Book ’em

Tara Thorne hits us with lists of finalists.

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This is a week full of winners and short-listers and otherwise awesome artists. First up, here be the winners of the Atlantic Book Awards, handed out at Pier 21 on May 11:

Atlantic Fiction and Dartmouth Book Award for Fiction: Linda Little, Scotch River

Atlantic Poetry: Steve McOrmond, Primer on the Hereafter

Atlantic Published Book: Goose Lane Editions and editor Bernard Riordon, Bruno Bobak: The Full Palette

Booksellers' Choice: Ami McKay, The Birth House

Children's Literature: Budge Wilson, Friendships

Dartmouth Book Award for Non-Fiction: Keith McLaren, A Race for Real Sailors

First Book Award: John G. Langley, Steam Lion: A Biography of Samuel Cunard

Illustration: Brenda Jones, Skunks for Breakfast, by Lesley Choyce

Non-Fiction: Linden MacIntyre, Causeway: A Passage from Innocence

Mayor Kelly was on hand to award the Mayor's Awards, one to Sandra McIntyre of Nimbus for Cultural Achievement in Literature, and the other to Jeffrey Domm, for Excellence in Book Illustration, for his work on Formac's Pocketguide to Fossils.

Art, art

In other winning news this week, the semi-finalists for the annual Sobey Art Award have been announced. The $50,000 award was created in 2002 and was established as an annual prize last year. Five artists from four regions of Canada have been selected as semi-finalists for the award, which will be cut to a final panel of five this month.

The Atlantic finalists are: Jean-Denis Boudreau, Alexandra Flood, Vanessa Paschakarnis, Mathew Reichertz (who was on the 2006 shortlist) and Mitchell Wiebe.

The winner will be awarded via dollar-sign sack in October, but check back here before that for news of the local rep.

Between the outlines

The Atlantic Film Festival has announced its annual call for entries in its Inspired Script program for this year's fest. The 2006 AFF marked the first time Telefilm offered to pony up some cash to help the winning writer get a step closer to production, splitting its $30,000 development prize between Eva Madden's Sweet Nothing and David Middleton's Dark Days. The program's rules have changed from previous years, in which Atlantic screenwriters were invited to submit first-draft features to be workshopped with story editor Allan Magee throughout the summer.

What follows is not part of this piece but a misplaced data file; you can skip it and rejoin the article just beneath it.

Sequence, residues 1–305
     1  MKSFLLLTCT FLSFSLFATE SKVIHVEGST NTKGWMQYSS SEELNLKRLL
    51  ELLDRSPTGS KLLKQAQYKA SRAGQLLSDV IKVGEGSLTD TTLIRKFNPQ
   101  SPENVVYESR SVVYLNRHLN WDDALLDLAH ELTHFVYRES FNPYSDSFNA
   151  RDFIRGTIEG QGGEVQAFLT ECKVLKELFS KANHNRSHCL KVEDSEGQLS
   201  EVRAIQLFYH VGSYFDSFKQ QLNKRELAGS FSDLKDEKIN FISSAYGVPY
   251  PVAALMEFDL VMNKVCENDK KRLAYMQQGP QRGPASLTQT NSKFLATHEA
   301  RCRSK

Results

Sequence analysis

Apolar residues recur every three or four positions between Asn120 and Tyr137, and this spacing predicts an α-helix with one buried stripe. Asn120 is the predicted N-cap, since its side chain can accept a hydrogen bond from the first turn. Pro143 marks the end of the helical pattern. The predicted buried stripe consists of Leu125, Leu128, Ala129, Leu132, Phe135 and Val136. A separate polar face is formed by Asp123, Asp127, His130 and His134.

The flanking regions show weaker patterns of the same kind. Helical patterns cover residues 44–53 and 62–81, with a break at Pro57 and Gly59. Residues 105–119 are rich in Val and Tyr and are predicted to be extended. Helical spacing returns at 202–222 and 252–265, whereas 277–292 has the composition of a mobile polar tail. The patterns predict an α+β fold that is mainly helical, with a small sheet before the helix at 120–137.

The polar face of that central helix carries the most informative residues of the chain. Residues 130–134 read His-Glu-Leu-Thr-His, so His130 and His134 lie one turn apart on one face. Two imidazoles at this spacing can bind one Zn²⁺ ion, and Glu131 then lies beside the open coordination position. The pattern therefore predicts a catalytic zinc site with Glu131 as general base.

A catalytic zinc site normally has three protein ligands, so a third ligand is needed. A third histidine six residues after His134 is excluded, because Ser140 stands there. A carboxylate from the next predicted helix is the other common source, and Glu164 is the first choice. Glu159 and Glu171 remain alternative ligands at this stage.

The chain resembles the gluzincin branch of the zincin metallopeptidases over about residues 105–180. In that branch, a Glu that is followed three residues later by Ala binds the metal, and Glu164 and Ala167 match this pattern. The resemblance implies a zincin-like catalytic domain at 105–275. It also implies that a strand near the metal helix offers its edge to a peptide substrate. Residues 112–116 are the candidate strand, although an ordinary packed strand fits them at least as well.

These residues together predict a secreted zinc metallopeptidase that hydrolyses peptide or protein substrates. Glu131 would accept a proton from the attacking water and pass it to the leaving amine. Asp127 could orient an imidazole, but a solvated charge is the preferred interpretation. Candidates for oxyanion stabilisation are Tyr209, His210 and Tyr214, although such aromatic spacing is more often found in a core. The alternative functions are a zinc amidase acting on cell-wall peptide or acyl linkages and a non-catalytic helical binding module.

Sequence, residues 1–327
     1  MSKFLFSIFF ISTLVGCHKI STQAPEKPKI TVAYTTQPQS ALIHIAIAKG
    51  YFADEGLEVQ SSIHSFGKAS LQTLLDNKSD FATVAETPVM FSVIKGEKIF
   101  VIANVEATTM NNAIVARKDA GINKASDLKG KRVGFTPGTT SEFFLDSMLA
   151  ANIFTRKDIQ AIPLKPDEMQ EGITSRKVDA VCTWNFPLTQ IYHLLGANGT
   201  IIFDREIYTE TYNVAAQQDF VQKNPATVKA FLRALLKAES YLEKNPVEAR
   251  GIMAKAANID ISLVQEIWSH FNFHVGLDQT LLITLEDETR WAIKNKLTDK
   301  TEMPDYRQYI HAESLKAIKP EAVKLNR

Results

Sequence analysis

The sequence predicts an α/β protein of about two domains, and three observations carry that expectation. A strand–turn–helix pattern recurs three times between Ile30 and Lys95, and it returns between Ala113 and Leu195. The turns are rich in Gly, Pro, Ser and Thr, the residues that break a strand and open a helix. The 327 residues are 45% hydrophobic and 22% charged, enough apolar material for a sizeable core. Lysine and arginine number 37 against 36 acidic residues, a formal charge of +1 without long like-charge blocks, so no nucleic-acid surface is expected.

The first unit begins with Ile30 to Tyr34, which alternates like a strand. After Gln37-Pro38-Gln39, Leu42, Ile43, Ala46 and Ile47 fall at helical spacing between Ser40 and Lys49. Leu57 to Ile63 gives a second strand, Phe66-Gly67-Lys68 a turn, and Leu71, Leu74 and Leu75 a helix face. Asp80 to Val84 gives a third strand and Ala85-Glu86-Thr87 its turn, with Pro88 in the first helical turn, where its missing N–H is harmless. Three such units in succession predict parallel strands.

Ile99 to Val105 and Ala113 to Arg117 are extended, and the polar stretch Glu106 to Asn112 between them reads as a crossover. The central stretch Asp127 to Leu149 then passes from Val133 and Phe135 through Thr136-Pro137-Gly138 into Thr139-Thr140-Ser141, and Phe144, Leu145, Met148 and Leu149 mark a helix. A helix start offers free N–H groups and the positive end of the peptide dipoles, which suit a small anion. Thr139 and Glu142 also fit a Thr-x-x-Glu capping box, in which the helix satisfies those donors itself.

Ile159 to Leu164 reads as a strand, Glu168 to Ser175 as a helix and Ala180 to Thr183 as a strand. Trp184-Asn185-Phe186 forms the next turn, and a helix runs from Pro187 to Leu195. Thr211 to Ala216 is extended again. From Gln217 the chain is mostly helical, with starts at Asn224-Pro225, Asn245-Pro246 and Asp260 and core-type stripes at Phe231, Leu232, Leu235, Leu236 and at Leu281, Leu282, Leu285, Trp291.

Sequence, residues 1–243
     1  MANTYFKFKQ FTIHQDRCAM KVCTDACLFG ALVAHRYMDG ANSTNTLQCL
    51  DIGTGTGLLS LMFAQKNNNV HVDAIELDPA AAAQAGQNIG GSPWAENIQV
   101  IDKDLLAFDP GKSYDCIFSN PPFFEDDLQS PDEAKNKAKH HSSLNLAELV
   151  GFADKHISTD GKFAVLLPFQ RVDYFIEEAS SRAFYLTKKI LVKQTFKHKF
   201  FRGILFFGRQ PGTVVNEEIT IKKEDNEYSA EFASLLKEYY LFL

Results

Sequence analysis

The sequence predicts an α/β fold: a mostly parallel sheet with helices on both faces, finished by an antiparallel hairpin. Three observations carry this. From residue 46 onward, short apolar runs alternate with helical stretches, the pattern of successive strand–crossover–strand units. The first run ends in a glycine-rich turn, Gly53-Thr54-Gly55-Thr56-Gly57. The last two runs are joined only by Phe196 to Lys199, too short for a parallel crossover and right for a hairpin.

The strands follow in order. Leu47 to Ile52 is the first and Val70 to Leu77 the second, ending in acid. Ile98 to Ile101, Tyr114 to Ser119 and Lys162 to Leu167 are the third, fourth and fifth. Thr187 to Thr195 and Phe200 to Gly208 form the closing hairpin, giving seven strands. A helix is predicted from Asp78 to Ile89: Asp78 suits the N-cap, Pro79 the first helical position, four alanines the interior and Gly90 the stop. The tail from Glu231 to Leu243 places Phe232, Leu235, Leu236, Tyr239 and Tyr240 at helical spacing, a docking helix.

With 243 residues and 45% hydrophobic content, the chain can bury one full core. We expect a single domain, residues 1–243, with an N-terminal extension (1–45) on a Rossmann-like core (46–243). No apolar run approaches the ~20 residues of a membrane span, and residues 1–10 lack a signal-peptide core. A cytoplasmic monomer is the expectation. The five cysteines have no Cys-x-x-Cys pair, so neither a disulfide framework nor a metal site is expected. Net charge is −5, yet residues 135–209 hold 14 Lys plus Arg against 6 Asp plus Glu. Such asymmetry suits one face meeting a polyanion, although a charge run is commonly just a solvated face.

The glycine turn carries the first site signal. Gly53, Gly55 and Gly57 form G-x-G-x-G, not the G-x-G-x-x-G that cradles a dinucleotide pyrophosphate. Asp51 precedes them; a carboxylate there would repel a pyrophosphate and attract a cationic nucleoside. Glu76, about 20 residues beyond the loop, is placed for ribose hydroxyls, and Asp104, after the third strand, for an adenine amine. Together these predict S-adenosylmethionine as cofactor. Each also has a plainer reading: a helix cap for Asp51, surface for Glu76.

For this edition of Inspired, writers are being asked to submit a feature film outline—either five pages including two dramatic scenes, or 10-12 pages of pure outline. Six writers will be chosen for two weekends of workshops with Magee, to work the outlines into treatments, which will then be pitched to producers during the 2007 AFF, which runs September 13 to 22. The finalist will be eligible to receive $20K in funding from Telefilm, and their resulting script will receive a staged reading during the 2008 fest.

"In an effort to encourage a whole new round of scripts from our talented Atlantic writing pool, we have taken it back to the very first step of script-writing with a call for script outlines this year," says fest director Lia Rinaldo. "Our hope is that all levels of writers will find appeal with this new approach and allow us the opportunity to help develop their ideas from laptop to red carpet."

Applications and a $25 fee are due June 8 and can be downloaded at www.atlanticfilm.com

The sound of tribute

One of our favourite resourceful local theatre troupes, Exodus, has been quiet for a few years, but signs are pointing to a resurgence. On May 18 at the Speakeasy (5640 Spring Garden), the company presents a fundraiser, in the form of a tribute to Simon and Garfunkel called Garfunkeled, Art and Paul: The Show they Never Gave. Marty Burt and Collin Appleton will stand in for the legendarily feuding folkies, playing 20 songs from the duo's catalogue. Fifteen bucks will get you in, or $12 with a reservation (call 444-5454). The show starts at 7:30pm.

Do they call you Baby Driver? Email: tarat@thecoast.ca

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